The AHA WA has come out in support licensed venues’ struggle to keep authorities satisfied, as the State’s Police continue their campaign of whip-cracking.
Speaking to PubTIC, AHA WA CEO Bradley Woods relayed some of the discrepancies between Police objections and the reality of an industry trying to take on its new role as WA’s “new hope”.
“At a recent Perth Metropolitan Liquor Accord meeting, the West Australian Police Liquor Enforcement Unit reported that assaults were down 56 per cent in the Central Metro Policing District. This catchment area takes in Perth CBD and night time precincts such as Northbridge.
“The AHA is not surprised that crime statistics have taken such a dramatic dive given the work the industry has put into stamping out anti-social behaviour.
“WA pubs, hotels and small bars have led the charge, and people know now that anti-social behaviour won’t be tolerated, and not to come near licensed premises and cause trouble.
“While there is no doubt police presence and patrolling plays a significant role in the deterrence of violence or anti-social behaviour, this result cannot be attributed to measures instituted by WA Police alone,” said Woods.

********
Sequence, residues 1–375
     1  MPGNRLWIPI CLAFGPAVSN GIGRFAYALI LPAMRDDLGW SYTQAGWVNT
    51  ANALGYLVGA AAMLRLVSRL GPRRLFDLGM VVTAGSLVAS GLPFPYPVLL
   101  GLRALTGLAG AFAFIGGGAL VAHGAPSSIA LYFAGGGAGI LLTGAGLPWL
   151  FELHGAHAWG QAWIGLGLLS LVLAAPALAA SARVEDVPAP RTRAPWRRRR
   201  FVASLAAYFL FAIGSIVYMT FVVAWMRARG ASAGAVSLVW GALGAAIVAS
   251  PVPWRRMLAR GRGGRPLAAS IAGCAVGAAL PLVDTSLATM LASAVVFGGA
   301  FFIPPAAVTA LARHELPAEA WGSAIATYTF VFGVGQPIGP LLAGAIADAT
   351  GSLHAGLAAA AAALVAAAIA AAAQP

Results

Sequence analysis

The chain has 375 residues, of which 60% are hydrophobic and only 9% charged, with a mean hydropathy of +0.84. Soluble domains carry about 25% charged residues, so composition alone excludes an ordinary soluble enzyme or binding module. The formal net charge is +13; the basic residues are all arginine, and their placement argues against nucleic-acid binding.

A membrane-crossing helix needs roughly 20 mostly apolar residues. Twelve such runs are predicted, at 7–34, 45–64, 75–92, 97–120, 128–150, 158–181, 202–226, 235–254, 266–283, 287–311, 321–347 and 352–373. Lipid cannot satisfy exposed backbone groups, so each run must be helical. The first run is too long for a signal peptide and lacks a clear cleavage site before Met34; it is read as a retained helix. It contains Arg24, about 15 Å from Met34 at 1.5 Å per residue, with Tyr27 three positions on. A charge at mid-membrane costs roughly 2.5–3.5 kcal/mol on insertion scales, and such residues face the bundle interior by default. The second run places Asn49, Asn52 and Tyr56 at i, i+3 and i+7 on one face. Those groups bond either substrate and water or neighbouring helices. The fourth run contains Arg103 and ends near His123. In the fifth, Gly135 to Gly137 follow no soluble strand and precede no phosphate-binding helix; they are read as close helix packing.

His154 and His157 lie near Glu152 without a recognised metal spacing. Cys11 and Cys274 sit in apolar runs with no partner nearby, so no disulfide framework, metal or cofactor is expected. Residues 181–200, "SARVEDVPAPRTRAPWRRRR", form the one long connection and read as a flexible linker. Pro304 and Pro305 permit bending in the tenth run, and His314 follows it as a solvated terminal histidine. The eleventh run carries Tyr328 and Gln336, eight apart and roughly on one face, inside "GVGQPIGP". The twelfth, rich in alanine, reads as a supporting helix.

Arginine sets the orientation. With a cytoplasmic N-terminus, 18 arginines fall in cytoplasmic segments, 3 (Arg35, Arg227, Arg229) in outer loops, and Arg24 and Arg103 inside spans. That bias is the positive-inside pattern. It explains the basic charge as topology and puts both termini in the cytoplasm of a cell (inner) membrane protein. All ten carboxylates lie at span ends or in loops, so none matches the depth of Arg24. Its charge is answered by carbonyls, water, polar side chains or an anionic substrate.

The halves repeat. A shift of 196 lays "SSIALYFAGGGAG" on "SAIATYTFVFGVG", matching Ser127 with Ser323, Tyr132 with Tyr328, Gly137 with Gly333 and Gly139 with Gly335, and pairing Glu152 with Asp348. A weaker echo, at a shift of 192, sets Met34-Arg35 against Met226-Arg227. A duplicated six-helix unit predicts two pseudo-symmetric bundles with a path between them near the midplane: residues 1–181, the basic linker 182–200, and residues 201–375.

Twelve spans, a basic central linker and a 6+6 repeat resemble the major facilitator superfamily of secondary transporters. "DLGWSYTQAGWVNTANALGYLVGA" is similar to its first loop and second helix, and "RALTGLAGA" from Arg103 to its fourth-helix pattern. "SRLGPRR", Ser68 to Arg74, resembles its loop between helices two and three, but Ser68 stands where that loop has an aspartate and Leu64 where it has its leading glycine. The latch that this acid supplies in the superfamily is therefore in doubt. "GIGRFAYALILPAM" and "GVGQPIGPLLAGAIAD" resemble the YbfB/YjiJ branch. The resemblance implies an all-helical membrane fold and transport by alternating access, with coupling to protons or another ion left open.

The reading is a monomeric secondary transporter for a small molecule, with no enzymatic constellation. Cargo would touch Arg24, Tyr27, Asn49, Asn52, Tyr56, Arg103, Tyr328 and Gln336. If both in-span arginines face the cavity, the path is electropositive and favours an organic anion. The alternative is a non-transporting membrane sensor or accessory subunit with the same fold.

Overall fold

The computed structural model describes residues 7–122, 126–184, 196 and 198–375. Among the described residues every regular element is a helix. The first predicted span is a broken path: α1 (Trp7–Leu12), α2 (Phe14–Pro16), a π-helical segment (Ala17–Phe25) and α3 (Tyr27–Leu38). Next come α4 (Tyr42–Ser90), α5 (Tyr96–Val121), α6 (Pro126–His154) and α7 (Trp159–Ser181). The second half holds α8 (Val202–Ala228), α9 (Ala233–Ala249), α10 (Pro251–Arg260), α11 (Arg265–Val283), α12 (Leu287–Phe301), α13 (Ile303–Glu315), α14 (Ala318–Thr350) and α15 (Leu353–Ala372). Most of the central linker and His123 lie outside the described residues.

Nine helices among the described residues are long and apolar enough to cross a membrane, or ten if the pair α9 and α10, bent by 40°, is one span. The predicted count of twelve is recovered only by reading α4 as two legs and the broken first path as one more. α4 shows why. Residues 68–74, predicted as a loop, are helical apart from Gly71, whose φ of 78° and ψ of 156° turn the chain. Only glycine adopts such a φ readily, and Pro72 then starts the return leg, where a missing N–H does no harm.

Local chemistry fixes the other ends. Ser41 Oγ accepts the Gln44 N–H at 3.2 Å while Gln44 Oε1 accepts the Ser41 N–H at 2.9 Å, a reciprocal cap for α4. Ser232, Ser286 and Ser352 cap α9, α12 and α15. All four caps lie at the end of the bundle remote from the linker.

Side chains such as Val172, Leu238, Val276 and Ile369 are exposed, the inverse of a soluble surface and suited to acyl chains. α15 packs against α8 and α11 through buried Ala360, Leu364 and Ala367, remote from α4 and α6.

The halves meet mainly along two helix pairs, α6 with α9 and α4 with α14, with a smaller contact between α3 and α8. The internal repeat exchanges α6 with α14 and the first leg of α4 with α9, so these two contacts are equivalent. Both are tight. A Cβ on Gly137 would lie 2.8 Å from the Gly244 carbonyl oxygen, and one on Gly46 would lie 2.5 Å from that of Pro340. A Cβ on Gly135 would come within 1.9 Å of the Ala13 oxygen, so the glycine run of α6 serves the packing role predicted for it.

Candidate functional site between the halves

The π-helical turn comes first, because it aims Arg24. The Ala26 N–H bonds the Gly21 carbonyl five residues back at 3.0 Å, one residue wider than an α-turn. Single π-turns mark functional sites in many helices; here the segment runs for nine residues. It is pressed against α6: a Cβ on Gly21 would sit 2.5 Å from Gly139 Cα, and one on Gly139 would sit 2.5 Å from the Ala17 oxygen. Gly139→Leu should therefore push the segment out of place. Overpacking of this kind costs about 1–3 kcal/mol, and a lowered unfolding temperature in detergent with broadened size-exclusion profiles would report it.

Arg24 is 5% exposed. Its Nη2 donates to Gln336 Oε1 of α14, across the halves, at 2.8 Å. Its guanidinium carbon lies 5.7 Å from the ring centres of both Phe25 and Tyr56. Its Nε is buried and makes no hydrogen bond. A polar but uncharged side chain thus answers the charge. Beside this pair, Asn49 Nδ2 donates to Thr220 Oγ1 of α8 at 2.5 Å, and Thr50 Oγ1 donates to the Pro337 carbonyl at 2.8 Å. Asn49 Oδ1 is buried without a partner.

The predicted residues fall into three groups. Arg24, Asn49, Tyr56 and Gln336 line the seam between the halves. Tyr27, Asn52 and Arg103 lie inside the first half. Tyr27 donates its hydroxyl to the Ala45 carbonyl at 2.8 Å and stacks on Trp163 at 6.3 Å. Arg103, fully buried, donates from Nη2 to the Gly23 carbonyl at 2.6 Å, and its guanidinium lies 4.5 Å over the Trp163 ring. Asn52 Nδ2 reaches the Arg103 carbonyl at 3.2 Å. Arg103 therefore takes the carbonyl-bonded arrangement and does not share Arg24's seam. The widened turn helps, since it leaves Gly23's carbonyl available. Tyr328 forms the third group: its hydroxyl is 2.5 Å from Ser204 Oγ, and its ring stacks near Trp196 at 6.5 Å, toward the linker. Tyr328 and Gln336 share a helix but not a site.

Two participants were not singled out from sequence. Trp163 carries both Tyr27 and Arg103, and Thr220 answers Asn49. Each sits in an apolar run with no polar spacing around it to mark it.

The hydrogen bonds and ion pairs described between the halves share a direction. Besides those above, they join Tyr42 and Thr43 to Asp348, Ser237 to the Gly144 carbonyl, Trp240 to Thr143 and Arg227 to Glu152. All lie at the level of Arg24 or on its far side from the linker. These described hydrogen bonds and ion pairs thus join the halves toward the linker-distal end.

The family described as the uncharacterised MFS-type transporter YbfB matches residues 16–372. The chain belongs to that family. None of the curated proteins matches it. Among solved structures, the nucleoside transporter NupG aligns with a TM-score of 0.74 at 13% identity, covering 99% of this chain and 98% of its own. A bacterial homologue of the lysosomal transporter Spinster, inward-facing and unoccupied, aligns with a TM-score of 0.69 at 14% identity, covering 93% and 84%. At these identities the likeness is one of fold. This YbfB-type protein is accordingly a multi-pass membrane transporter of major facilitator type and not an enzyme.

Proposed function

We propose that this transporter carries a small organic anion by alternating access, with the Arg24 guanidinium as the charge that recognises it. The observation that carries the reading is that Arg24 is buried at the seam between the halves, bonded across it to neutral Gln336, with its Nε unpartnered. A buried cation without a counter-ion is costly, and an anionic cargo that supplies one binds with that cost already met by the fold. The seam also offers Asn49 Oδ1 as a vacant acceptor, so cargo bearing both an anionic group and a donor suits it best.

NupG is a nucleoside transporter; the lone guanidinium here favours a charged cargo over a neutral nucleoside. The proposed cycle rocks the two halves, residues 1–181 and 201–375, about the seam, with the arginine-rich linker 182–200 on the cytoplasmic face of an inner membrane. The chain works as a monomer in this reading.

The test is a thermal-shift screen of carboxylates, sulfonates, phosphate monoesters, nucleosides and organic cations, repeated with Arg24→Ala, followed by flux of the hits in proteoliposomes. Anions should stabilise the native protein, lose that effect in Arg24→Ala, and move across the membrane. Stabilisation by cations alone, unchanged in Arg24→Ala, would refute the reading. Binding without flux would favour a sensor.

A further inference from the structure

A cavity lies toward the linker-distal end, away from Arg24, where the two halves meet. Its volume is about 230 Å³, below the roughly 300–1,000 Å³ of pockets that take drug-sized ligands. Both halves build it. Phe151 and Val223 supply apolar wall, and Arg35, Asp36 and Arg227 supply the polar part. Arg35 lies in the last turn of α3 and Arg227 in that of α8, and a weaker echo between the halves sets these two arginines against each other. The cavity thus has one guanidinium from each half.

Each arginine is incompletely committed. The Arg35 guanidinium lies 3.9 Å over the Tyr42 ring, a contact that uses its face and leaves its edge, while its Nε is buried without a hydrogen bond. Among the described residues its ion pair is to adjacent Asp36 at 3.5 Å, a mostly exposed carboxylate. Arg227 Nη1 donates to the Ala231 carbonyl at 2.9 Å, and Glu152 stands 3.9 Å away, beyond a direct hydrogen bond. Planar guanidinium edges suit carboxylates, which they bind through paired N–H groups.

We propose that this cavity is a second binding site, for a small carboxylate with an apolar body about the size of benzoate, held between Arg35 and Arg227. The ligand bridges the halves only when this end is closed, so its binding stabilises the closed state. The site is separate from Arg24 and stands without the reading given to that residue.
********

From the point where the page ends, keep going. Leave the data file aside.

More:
Greater Perth has seen some venues adopt ID-scanning technology, but rumours have emerged that Police and the Department of Liquor, Gaming & Racing (DLGR) are considering forcing compulsory use of the systems.
“WA Police’s recognition that identification scanning software is having a big effect is proof positive that industry is leading the charge, introducing technology where required to discourage problem patrons,” furthered Woods.
“However, this is not a one-size-fits-all measure, and the push by WA Police to see devices imposed on all Northbridge is another example of WA Police ignoring the efforts of largely small hospitality business owners working hard to operate venues were patrons can feel safe socialising and enjoying a drink.
“With a softening in the mining sector, hospitality and tourism need more support than ever to help make a greater contribution to the economy. The solution isn’t to talk down the industry or introduce big regulatory sticks and hurdles to beat them with.”
The DLGR is also planning implementation of its new policy of ‘Public Interest Assessment’ (PIA), which is set to apply a “radius of responsibility” to venues, with Metro operations due to incur a 2-kilometre “locality” and those outside of 15 kilometres of the CBD honoured with a 3-kilometre “locality”.